Mano a Mano raises $400,000 in COVID-19 relief for immigrant and low-income families

  • Mendoza Market owner Ricardo Garza, left, and Mano a Mano Director of Operations Carla Rosales hold checks in the Mendoza Market.

    Mendoza Market owner Ricardo Garza, left, and Mano a Mano Director of Operations Carla Rosales hold checks in the Mendoza Market. courtesy of Megan McKenna, Mano a Mano

  • Mano A Mano volunteer Erika Martinez loads supplies into a van.

    Mano A Mano volunteer Erika Martinez loads supplies into a van. courtesy of Megan McKenna, Mano a Mano

 
 
Updated 9/11/2020 7:45 PM

The Mano A Mano Family Resource Center has raised $400,386 to assist 1,115 families affected financially by COVID-19.

The Tanda Emergency Fund is for direct financial assistance to the families -- including more than 4,000 individuals -- in Lake and McHenry counties.

 

Mano A Mano Director of Strategy & Development Megan McKenna said recipients include undocumented immigrants who were left out of unemployment and food assistance from the CARES Act that passed earlier this year.

"I saw the writing on the wall," McKenna said. "We needed to step up and quickly to provide critical assistance to their basic needs."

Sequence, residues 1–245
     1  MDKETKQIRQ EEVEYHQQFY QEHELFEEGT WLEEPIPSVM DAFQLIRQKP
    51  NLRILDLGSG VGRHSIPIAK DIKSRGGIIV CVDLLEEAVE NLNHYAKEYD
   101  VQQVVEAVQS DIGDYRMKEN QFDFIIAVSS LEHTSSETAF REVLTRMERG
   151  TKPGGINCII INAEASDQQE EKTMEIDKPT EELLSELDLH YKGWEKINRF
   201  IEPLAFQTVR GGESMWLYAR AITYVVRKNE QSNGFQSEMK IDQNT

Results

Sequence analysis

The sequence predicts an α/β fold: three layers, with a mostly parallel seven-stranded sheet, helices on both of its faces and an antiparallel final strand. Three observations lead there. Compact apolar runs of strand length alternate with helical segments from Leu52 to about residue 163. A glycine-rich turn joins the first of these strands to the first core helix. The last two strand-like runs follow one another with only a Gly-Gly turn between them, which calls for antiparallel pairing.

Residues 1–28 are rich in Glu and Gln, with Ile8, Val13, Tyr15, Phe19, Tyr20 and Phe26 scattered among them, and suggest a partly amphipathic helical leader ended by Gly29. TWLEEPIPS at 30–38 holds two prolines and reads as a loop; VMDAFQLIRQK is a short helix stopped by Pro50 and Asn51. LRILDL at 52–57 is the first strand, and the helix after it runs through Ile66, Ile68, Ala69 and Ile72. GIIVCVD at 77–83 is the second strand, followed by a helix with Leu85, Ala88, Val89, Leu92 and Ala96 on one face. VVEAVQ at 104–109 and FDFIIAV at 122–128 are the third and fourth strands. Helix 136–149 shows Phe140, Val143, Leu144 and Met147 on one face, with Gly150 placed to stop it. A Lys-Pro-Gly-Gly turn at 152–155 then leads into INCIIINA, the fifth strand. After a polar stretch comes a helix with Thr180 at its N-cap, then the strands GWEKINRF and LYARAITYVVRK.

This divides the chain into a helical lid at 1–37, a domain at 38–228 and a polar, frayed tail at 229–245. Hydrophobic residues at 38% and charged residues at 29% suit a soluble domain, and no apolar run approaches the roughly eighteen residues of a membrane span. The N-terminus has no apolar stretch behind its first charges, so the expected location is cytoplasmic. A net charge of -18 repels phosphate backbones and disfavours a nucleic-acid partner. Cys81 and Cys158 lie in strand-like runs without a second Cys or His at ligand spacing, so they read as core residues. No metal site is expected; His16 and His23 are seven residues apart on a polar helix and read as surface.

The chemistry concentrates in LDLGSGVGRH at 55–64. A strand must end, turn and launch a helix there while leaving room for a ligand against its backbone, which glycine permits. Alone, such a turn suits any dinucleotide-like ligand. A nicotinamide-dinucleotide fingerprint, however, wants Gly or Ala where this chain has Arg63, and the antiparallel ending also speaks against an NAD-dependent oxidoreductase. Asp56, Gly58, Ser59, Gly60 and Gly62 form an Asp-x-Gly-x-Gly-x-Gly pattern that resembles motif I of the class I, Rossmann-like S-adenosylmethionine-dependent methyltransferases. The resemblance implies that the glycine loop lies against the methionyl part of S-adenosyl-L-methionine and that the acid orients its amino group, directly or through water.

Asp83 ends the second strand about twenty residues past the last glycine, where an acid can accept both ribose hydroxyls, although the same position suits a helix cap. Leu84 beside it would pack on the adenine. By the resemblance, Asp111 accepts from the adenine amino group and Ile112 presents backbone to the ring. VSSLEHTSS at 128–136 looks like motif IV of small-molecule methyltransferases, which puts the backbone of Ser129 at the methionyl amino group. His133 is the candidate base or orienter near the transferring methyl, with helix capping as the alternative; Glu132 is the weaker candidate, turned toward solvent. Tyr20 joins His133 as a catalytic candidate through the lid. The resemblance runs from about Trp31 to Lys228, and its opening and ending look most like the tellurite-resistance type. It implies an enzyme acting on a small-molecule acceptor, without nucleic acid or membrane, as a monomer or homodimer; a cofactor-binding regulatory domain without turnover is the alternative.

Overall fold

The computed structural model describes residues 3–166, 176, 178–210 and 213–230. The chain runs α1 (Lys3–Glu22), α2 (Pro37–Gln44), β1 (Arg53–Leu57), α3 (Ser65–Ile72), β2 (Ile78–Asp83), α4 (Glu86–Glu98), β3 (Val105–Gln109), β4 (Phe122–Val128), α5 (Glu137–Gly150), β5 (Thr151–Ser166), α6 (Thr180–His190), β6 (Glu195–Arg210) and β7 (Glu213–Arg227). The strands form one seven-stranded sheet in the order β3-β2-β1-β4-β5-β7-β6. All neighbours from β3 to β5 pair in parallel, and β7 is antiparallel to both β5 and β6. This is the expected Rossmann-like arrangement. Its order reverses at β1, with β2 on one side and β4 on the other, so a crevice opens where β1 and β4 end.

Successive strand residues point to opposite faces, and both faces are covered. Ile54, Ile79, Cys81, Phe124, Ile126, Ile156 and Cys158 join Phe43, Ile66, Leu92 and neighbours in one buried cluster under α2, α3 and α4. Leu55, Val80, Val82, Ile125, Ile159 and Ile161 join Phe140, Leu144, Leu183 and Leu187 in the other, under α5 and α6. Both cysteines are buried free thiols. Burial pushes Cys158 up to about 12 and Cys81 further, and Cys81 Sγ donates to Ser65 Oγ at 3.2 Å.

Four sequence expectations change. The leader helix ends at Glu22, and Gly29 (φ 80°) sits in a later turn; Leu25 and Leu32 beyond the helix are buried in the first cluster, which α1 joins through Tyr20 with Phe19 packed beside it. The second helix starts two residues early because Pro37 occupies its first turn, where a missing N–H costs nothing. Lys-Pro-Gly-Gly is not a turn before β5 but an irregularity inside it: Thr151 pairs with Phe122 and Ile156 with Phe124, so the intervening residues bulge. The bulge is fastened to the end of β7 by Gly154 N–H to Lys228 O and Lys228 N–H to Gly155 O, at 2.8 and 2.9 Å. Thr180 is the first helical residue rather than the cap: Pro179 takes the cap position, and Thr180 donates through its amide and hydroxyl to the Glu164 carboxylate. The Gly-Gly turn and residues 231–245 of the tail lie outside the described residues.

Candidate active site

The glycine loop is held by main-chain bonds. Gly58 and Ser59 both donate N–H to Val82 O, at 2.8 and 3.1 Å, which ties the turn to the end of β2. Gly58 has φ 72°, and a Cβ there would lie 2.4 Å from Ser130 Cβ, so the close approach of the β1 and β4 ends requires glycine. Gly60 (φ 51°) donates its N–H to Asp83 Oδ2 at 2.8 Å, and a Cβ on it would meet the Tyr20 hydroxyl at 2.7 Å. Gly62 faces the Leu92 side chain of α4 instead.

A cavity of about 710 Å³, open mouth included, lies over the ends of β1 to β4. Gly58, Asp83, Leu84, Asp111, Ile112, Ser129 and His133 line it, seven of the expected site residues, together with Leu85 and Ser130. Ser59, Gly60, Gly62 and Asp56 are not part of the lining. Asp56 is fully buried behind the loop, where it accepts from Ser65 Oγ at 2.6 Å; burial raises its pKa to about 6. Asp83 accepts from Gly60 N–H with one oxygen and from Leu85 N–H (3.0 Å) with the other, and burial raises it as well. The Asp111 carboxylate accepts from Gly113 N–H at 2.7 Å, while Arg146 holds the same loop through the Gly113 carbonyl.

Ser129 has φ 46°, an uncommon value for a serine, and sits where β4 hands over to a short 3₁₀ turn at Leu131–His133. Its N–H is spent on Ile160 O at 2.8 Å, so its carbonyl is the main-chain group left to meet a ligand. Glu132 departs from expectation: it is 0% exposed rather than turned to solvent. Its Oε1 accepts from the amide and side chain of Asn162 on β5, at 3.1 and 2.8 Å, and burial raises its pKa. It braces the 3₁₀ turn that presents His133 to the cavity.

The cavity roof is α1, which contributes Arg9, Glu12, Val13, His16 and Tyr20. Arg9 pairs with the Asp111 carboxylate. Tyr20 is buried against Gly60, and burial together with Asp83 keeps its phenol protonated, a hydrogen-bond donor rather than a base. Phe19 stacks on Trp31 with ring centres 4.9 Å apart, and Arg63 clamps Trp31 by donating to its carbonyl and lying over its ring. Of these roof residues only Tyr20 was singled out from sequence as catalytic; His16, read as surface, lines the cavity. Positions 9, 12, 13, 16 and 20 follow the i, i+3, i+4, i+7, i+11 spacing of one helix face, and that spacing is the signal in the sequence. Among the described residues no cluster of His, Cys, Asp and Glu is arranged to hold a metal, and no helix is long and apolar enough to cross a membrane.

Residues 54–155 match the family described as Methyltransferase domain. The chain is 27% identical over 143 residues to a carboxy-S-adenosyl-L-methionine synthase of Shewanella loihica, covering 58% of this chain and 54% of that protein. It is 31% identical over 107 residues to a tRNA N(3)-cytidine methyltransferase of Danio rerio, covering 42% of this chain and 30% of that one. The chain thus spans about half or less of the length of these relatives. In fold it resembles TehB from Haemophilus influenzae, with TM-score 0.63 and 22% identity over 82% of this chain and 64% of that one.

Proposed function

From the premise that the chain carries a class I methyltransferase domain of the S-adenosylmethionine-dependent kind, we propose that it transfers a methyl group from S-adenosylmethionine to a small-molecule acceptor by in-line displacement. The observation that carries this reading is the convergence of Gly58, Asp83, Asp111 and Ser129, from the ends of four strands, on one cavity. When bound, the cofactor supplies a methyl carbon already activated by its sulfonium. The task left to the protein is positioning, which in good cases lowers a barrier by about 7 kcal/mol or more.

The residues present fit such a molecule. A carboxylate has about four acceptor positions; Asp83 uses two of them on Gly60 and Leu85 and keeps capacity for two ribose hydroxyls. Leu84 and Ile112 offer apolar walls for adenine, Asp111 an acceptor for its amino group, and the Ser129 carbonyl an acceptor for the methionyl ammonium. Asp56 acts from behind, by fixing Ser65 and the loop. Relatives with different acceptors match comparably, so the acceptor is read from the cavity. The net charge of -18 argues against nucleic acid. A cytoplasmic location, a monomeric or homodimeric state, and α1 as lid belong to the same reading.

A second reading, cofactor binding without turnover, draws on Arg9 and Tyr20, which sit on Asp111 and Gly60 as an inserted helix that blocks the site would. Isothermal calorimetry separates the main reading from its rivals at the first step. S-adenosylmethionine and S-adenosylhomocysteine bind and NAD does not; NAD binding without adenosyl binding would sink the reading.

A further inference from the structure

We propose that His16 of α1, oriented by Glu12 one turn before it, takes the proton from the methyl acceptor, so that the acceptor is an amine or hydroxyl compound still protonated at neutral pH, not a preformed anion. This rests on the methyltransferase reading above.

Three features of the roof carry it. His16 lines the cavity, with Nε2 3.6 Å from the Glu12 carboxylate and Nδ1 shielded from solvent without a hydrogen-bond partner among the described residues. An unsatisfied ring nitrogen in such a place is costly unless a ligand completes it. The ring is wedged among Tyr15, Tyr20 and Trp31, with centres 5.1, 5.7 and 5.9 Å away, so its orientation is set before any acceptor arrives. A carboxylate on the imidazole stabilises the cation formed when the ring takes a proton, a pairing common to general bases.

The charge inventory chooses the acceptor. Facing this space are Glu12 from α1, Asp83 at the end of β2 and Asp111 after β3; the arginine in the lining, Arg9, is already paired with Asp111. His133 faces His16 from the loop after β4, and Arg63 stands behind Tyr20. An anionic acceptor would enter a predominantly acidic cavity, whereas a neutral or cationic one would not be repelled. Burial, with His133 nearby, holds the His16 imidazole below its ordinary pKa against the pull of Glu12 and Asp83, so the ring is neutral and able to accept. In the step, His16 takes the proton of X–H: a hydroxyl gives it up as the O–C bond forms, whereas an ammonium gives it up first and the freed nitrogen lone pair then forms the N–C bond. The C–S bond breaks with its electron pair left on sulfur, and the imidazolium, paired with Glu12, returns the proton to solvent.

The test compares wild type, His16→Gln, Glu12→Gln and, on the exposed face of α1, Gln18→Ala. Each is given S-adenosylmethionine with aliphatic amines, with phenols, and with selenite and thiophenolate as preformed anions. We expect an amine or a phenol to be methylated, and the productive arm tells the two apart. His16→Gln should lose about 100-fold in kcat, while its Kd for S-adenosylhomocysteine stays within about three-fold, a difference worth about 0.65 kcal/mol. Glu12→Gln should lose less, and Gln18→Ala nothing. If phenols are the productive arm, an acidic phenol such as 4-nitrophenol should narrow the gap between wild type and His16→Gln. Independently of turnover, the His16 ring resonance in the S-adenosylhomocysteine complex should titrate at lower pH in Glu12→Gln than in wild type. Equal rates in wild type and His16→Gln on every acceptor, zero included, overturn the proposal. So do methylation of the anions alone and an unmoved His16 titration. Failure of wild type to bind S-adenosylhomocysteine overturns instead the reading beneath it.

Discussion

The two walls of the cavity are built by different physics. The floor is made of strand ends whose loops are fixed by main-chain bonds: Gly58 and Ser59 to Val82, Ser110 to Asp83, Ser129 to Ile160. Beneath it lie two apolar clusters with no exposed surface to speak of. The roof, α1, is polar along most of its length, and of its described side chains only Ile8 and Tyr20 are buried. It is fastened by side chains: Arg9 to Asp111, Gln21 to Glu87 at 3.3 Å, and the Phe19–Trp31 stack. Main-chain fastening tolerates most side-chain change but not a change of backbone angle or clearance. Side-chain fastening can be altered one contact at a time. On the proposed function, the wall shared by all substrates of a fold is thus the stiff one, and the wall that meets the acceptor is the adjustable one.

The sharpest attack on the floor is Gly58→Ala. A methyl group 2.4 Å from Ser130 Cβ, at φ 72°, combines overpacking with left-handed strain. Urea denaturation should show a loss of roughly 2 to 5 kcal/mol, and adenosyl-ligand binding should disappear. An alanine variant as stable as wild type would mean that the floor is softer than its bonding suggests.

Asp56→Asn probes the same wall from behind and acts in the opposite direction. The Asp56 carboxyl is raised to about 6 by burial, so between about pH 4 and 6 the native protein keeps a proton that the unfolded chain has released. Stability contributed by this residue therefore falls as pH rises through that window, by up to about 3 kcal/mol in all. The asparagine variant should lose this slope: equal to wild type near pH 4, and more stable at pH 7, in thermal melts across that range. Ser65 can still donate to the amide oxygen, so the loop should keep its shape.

Mano a Mano, based in Round Lake Park, relied on donors -- including 70 new individual donors -- to fund the relief effort, which was shared across social media. Organizations such as United Way of Metro Chicago, the Lake County Community Foundation, the Community Foundation for McHenry County, and United Way of Lake County pitched in as well, donating amounts ranging from $5,000 to $75,000.

Most recipients are Latino residents, many of whom work jobs deemed essential in places like factories and warehouses, McKenna said.

"They're at the front line of this dangerous situation," McKenna said.

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According to the Illinois Department of Public Health, Hispanic residents make up 22% of the population of Lake County but have had 41% of the county's COVID-19 cases.

Only 14% of people getting COVID-19 tests in Lake County identified as Hispanic.

The Tanda Emergency Fund takes its name from a Latin American term for an informal, short-term loan from friends and family members. Unlike traditional tandas, these funds do not need to be returned.

The fund raised roughly $180,000 for food and prescription drugs as well as rent payments, DACA renewal applications and other needs.

McKenna said about $100,000 was raised in gift cards for groceries from commercial markets such as Aldi as well as from local grocery stores owned by immigrant families, including the Mendoza Market, Tres Amigas, La Union and Super Mercado Gonzales.

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